On the other hand, there is also a need to see if there is an extension of the indication for Esbriet, if possible, because if you hypothesize that it works in one fibrotic disease, you could also think that it might work in other progressive disease, like for instance, collagen vascular disease, pulmonary fibrosis or more undifferentiated fibrosis. So I think currently most of the research will be aimed at seeing if more patients could benefit from these drugs.
Also, I think that there will be research into how the drug can be administered more efficiently. It’s now a 3 times 3 pill. So I think most of the research will be focused on these things.
SPT: What implications does Esbriet have for patients with IPF?
Wijsenbeek: Major I think, because as you are well aware, IPF is a devastating disease, a deathly disease with an average survival of 3 to 5 years. So that there is a drug available now that slows down disease progression and increases survival is, I think, extremely hopeful and there’s also a second drug available. So for the first time in years and years of research there are drugs that can actually improve patients’ survival. But we’re not there yet. Because still the patients, they will live longer, but they still die, it still remains a deadly disease.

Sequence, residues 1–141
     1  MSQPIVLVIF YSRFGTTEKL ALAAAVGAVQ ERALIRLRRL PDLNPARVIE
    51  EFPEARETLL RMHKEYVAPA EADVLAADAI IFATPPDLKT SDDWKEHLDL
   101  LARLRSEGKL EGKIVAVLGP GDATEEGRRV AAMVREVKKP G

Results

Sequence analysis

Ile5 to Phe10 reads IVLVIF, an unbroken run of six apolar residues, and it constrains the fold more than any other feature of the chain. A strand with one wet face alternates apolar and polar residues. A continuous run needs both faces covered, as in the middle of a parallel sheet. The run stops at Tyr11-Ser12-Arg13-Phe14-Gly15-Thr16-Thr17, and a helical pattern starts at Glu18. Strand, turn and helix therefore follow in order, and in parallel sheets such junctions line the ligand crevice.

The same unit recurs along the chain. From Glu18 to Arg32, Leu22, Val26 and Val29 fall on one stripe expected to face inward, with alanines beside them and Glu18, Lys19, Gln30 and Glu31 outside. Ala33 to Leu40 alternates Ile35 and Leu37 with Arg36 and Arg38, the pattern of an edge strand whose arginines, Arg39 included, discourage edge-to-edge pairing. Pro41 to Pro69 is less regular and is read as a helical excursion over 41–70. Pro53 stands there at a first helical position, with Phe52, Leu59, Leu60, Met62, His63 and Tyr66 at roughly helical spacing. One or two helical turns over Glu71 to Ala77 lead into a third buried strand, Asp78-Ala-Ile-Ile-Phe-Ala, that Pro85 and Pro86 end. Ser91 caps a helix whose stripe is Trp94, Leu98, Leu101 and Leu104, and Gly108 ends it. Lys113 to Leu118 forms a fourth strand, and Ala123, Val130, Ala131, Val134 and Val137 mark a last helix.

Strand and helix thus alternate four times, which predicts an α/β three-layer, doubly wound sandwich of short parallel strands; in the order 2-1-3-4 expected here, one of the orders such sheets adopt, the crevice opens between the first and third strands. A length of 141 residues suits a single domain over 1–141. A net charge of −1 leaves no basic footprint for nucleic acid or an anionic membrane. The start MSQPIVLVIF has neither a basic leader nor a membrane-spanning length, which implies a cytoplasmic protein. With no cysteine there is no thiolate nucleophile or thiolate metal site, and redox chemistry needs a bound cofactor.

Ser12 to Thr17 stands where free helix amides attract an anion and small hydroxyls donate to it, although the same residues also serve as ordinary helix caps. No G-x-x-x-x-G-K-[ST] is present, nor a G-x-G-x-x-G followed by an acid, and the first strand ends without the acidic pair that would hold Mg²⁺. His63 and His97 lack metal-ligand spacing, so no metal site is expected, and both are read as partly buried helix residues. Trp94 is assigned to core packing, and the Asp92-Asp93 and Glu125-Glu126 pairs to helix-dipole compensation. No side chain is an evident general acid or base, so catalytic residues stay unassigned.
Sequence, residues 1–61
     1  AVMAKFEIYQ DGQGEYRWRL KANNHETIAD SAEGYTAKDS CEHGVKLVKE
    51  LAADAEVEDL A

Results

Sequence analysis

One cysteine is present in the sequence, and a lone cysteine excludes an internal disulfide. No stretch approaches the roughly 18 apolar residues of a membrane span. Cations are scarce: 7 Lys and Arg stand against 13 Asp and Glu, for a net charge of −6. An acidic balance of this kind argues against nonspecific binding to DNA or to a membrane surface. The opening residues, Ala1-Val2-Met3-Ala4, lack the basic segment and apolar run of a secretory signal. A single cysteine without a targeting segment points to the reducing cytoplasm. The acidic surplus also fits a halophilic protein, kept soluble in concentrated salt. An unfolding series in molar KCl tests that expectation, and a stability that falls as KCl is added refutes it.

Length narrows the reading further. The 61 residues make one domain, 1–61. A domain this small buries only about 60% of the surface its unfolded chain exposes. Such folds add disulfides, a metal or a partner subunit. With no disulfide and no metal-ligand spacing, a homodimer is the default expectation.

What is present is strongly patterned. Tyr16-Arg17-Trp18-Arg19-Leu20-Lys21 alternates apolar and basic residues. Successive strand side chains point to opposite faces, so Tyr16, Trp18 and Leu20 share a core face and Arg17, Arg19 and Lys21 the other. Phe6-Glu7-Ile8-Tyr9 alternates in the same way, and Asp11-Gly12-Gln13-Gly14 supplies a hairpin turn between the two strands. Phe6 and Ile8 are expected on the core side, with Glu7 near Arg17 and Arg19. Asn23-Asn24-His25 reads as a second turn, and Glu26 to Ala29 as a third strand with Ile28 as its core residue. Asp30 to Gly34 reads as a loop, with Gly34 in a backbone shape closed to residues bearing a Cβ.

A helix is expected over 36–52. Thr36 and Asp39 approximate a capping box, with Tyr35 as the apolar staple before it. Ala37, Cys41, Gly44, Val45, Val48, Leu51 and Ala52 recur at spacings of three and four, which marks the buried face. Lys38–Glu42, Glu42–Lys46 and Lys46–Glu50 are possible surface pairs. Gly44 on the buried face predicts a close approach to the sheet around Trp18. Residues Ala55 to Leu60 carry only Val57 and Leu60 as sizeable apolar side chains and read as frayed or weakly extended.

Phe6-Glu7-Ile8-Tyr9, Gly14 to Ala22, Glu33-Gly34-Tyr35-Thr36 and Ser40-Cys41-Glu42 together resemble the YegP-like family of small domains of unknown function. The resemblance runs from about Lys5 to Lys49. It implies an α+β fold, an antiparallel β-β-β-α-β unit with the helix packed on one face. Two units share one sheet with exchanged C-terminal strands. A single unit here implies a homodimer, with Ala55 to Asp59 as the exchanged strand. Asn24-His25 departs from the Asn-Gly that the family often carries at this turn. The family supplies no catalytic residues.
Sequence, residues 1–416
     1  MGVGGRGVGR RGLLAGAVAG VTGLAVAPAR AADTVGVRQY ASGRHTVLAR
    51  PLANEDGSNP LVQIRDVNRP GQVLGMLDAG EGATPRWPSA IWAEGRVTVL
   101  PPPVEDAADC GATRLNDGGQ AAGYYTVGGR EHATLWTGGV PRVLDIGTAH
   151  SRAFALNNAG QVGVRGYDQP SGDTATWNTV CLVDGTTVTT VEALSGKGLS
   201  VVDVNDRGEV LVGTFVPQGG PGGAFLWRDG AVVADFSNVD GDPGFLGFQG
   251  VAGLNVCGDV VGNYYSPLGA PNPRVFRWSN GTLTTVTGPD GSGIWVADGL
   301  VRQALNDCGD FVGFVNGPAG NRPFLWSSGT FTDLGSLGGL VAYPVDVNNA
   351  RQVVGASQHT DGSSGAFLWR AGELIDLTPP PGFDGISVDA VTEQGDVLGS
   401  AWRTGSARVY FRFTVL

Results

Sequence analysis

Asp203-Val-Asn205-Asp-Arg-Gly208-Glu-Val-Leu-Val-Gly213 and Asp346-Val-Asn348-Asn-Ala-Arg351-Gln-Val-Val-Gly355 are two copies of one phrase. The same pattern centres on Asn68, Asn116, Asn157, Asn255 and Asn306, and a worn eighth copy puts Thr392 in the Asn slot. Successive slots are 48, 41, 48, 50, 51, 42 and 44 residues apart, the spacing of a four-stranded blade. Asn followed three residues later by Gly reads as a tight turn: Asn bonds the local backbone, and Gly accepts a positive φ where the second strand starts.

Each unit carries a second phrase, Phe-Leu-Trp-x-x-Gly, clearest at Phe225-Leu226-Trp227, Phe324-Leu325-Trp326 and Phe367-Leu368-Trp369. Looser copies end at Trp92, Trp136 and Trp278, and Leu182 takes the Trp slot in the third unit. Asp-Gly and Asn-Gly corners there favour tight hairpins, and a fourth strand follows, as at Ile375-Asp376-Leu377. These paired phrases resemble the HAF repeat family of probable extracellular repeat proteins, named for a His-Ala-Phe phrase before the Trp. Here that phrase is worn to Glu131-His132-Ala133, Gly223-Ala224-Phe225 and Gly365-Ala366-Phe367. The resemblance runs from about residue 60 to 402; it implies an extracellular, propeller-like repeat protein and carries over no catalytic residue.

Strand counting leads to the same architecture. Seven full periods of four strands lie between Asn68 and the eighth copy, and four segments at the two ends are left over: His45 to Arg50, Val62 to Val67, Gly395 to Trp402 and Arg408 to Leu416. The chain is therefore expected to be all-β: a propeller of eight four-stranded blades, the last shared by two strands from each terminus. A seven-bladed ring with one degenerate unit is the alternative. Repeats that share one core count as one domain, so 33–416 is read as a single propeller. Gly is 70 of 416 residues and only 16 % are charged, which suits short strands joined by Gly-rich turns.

So more research is needed to improve the situation for these patients. And also I think we have to learn more about how to improve quality of life for the patients and relieve symptoms. So still there is a lot of work that needs to be done.
SPT: How does the nausea associated with Esbriet affect patients’ adherence to the medication? How are researchers working to resolve this issue?